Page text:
No no, it's fine. Comments go through automatically once an account has basically passed the "spam" threshold - they're not posting spam, they're not being reported to hell or having their comments removed for other reasons.

                  Other comments may require manual moderation. Sometimes this happens with accounts who have been downvoted heavily for a while - someone just starts abusing authors, shitposting too far, or it's a bot account that has flown under the radar and just become more overt - and then they go into a queue which I check intermittently throughout the day. I don't schedule times to go through the comment queue because I mostly work around this:

                  (morning)
                  schedule initial content so people have stuff to read
                  write any early articles / finish off any features I was writing from the previous day, so between 0900-1200
                  do any mission critical emails before leaving the house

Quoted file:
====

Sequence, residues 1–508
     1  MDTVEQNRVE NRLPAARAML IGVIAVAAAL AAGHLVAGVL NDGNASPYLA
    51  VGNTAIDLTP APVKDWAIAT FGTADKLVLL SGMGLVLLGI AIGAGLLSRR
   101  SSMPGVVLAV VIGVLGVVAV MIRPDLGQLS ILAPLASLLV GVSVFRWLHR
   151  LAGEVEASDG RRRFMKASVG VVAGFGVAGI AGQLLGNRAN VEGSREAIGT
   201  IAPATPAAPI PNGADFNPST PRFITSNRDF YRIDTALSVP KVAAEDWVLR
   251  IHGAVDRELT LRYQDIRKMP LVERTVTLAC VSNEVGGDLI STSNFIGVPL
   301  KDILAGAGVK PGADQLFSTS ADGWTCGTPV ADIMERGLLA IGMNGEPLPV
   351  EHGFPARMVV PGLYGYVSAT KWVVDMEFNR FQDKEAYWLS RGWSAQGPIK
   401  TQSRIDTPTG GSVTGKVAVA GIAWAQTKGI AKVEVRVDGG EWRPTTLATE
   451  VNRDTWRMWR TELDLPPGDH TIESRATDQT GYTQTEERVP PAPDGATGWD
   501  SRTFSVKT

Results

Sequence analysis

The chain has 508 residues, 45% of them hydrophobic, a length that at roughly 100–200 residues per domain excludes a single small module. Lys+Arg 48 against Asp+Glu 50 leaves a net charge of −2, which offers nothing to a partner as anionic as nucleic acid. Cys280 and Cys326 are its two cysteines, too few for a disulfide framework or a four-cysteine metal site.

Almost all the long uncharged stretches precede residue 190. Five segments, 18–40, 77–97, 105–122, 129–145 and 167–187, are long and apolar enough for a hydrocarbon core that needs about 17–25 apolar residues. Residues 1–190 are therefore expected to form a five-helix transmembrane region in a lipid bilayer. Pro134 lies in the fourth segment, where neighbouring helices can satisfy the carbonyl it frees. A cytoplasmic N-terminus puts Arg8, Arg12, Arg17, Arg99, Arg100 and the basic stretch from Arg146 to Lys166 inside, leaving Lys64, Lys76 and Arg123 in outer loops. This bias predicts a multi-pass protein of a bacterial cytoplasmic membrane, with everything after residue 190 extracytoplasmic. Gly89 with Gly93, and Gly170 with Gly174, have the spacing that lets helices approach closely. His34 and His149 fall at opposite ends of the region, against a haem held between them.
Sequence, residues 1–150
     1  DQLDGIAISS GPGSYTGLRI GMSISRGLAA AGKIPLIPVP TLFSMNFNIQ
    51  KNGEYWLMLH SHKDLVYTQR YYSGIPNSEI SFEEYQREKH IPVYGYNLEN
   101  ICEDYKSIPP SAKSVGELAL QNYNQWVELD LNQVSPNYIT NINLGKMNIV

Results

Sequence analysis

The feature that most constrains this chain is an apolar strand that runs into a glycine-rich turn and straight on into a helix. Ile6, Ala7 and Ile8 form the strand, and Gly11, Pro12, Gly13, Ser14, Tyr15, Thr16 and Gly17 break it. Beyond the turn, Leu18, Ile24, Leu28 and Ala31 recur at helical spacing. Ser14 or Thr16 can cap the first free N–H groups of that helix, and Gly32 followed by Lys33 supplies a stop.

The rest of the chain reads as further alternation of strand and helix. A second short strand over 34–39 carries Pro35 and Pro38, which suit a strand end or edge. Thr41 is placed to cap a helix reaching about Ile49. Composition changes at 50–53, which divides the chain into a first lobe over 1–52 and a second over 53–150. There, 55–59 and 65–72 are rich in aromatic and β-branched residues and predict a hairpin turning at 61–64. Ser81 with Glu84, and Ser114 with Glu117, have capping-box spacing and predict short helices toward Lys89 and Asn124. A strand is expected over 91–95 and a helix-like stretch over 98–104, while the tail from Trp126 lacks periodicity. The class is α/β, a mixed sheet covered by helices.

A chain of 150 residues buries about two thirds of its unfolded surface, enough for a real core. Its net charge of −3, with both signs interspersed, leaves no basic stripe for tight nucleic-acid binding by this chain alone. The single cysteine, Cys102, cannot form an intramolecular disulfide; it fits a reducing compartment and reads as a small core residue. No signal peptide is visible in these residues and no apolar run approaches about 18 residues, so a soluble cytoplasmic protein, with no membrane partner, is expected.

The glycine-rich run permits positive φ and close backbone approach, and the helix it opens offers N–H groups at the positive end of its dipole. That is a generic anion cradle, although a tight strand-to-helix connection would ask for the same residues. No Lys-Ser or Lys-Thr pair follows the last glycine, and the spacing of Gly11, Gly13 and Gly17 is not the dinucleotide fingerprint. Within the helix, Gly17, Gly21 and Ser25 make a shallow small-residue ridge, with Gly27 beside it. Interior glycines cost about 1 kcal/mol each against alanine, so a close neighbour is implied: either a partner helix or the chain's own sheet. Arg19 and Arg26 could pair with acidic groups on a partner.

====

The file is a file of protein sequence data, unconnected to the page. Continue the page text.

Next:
(office/afternoon)
                  work on larger features / help with subediting / other face-to-face admin and meetings
                  eat at some point
                  comments some point during this time usually
                  midday shorter articles - scribbletaku, little things like a deals or short trailer announcement or sub-300 word stuff tend to fall into this
                  appointments - i usually schedule any previews, internal meetings and stuff around this time, so i can ensure content will still be going up on the site while i'm not physically monitoring things

                  (evening, usually from home)
                  articles for tomorrow / any refeed for tomorrow morning / working on content for games/pieces under embargo or longer stuff (lengthy interviews, what not)